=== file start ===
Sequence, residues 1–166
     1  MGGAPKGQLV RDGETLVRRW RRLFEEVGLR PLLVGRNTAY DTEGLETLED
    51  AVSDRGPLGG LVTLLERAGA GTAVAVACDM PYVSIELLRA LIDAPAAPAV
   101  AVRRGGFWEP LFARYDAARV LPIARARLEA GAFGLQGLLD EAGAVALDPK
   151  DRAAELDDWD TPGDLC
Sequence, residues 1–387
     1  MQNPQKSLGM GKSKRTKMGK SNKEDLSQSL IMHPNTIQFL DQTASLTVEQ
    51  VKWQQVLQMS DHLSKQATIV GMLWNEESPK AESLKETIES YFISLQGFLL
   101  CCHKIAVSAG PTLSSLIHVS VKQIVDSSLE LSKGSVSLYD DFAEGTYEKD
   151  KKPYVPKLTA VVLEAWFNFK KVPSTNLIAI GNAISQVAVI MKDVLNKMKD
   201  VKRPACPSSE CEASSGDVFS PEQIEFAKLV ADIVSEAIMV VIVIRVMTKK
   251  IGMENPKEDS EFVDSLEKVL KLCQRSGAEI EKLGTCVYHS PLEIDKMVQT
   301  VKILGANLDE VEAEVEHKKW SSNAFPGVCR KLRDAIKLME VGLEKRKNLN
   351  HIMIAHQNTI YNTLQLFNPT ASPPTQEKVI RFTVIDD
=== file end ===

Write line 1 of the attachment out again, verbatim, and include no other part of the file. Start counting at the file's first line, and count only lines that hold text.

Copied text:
Sequence, residues 1–166